According to a study published in Behavioral Neuroscience in 2010, the ability to retrieve social information from memory can be impaired by a brief exposure to stress.
The study was conducted by Christian J. Merz, Oliver T. Wolf, and Jurgen Hennig.
Previous research has found that being exposed to stress can aid in the creation of new memories, which is one of the reasons why negative memories can often be harder to forget than positive memories.
In Merz and his colleagues study, 29 participants learned the details of two biographical notes and were then exposed to a stressful situation by having to give an impromptu speech for five minutes in front of a camera, which they were told was being broadcast to a live audience.
After being exposed to this stressful event, the participant’s social memory was tested and compared with a control group. The participant’s level of stress was assessed by measuring the amount of the “stress hormone” cortisol in their saliva.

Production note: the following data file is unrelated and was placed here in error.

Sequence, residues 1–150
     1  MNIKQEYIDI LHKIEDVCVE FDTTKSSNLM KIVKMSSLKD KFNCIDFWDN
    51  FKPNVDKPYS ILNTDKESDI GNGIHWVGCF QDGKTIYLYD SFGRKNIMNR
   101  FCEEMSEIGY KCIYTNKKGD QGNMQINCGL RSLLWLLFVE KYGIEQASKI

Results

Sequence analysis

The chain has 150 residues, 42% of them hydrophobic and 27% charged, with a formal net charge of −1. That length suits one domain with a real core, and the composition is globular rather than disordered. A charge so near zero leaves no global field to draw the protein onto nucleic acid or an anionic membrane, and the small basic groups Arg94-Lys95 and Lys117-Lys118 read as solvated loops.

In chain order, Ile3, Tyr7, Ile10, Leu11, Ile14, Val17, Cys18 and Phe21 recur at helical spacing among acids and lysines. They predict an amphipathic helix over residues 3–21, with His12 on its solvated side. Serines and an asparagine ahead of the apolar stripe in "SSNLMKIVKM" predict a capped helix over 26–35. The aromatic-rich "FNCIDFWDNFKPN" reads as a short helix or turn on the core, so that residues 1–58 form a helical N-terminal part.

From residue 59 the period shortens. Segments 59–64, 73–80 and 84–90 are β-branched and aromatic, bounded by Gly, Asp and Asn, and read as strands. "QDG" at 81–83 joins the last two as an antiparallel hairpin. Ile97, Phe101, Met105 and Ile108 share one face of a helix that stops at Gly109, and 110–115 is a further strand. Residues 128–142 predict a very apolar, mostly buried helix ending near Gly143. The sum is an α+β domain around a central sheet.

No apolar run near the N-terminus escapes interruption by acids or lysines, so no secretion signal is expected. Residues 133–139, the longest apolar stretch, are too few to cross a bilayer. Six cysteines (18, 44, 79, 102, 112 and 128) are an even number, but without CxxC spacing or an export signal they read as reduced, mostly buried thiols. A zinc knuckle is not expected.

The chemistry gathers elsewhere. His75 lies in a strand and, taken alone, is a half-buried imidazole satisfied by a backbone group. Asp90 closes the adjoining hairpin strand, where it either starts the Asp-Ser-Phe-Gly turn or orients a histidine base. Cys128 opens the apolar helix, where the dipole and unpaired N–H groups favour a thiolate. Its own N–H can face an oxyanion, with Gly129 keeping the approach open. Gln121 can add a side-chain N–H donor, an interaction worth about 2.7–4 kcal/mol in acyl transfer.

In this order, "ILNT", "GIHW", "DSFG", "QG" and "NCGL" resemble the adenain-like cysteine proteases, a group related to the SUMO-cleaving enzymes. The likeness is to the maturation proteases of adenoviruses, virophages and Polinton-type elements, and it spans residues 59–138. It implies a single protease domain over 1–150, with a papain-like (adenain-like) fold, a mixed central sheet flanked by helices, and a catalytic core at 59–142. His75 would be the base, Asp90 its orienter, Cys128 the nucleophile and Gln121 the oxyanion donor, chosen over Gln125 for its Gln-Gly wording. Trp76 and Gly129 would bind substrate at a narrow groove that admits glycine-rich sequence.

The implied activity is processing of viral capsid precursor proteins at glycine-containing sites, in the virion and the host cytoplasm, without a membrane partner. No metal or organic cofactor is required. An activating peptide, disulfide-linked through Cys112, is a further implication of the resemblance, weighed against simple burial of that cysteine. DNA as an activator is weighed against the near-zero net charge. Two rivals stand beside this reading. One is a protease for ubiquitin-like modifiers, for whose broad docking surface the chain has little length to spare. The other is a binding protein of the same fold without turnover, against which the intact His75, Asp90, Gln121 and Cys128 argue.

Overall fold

As the amount of cortisol increased, the ability of the participant to recollect and recognize information from the biographical notes that he or she had learned previously decreased.
In other words, increased stress caused a decreased ability to retrieve social information from memory. The more stress the participant had experienced, the harder it was to retrieve information from memory.
The effect of stress on memory may be due to the way that cortisol effects the hippocampus, a region of the brain that is associated with memory. The hippocampus is known to have a high level of glucocorticoid receptors, which are sensitive to hormones such as cortisol.
“The relevance of impair social memory retrieval after stress is obvious in daily experiences such as partnership conflicts,” notes Merz and his colleagues. “These effects become even more important during courtroom testimony or similarly important stressful retrieval conditions.”
Merz, C.J., Wolf, O.T. & Hennig, J. (2010). Stress impairs retrieval of socially relevant information. Behavioral Neuroscience, Vol. 124, No. 2: 288-293.